22 April 2009

More news and press releases

Here are some interesting news and press releases:I finish with a quote to keep in mind when designing architectures:
"Warum soll man es einfach machen, wenn man es so schön komplizieren kann?"
which roughly translates to
"Why should we make it simple when it can be made so beautifully complicated?"
I don't know where it originally comes from though...

15 April 2009

Survey of active vehicle dynamics systems

Prodrive is a company known for supplying advanced technology to a number of "special" vehicles such as the Ford Focus RS and the Subaru Impreza P1.
But the reason I mention them on this blog is that they have written a nice SAE paper surveying different electronic vehicle dynamics systems available when designing a vehicle, and therefore the electrical architecture in a premium vehicle may need to address.
It is possible to download a free copy of the paper at the Prodrive website.

References in paper about the Architecture Business Cycle

I submitted a paper called "A Case Study of the Architecture Business Cycle for an In-Vehicle Software Architecture". I cannot publish the paper in this blog (at least not until it has been accepted), but I can give the reference list. Many of the papers can be found on-line through Google Scholar if access is not available through the commercial portals.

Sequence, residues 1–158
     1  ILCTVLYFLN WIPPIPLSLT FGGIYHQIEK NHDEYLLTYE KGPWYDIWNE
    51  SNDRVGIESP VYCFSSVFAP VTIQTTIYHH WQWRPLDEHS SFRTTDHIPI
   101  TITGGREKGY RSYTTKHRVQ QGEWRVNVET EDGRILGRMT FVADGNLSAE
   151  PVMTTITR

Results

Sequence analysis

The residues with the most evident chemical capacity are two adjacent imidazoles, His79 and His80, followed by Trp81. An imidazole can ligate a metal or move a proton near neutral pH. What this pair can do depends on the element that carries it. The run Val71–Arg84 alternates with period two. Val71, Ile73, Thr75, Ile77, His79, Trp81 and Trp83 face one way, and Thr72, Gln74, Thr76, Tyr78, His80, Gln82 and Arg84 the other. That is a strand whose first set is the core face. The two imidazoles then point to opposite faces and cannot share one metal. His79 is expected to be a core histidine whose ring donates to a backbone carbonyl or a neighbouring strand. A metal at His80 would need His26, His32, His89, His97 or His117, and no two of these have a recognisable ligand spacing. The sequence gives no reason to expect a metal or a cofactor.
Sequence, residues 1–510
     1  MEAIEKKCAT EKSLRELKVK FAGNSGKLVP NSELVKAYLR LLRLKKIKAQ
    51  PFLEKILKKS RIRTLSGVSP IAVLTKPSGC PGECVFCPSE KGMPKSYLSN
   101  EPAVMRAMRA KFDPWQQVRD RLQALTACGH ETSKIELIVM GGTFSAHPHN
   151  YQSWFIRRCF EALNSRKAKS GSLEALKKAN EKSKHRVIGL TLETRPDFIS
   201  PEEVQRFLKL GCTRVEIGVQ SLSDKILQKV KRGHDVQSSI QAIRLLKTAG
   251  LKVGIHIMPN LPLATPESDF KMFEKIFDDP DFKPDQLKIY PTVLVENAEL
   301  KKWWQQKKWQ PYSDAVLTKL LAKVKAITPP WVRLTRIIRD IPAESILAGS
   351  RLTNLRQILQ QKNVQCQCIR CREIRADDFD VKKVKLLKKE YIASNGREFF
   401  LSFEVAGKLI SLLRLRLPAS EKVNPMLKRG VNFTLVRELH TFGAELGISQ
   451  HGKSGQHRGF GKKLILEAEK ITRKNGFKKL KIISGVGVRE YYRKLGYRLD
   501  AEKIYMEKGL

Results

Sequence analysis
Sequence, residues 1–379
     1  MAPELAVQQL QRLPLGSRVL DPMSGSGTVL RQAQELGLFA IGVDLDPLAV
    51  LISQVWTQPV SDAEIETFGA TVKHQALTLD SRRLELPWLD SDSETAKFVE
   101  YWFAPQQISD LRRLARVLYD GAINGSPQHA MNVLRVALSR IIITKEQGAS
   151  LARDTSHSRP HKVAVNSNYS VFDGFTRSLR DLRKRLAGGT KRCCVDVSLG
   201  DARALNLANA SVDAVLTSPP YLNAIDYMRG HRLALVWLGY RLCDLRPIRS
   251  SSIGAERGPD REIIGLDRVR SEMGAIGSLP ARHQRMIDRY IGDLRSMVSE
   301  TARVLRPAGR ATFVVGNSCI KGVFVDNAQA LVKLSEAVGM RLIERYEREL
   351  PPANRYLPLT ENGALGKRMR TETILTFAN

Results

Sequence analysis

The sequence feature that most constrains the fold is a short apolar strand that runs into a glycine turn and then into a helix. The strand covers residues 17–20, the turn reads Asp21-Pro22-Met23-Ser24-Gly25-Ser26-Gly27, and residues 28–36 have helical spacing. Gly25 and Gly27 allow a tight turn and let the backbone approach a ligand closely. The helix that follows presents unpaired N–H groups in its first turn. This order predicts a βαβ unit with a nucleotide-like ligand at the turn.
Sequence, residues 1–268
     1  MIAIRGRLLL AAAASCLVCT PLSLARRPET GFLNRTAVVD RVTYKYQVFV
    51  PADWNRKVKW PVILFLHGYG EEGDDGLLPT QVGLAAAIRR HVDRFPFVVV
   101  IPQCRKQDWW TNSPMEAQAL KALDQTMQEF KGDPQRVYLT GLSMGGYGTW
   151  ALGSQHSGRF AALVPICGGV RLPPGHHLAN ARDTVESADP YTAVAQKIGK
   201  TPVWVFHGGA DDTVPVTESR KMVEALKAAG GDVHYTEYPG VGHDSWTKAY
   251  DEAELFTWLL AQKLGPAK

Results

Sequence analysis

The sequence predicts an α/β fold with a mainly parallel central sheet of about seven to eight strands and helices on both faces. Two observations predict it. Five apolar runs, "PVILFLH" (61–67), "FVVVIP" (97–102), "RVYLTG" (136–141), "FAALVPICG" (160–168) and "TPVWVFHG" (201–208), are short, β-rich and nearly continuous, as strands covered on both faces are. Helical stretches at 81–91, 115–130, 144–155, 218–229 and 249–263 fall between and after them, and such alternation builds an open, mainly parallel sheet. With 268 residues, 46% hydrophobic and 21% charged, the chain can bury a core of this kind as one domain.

AUTOSAR, 2009. AUTomotive Open System ARchitecture (AUTOSAR). Available at: http://www.autosar.org.

Bachmann, F. & Bass, L., 2001. Managing variability in software architectures. SIGSOFT Software Engineering Notes, 26(3), 126-132.

Bass, L., Clements, P. & Kazman, R., 2003. Software Architecture in Practice 2nd ed., Addison-Wesley.

Berg, B.L., 2006. Qualitative Research Methods for the Social Sciences 6th ed., Allyn & Bacon.

Broy, M., 2006. Challenges in automotive software engineering. In Proceedings of the 28th international conference on Software engineering. Shanghai, China: ACM, pp. 33-42. Available at: http://portal.acm.org/citation.cfm?id=1134285.1134292 [Accessed December 18, 2008].

Conway, M.E., 1968. How Do Committees Invent? Datamation. Available at: http://www.melconway.com/research/committees.html.

IEEE, 2000. Recommended Practice for Architectural Description of Software-Intensive Systems. Available at: http://standards.ieee.org/reading/ieee/std_public/description/se/1471-2000_desc.html.

ISO - International Organization for Standardization, 2003. ISO standard 11898: Controller Area Network (CAN). Available at: http://www.iso.org/ [Accessed December 28, 2008].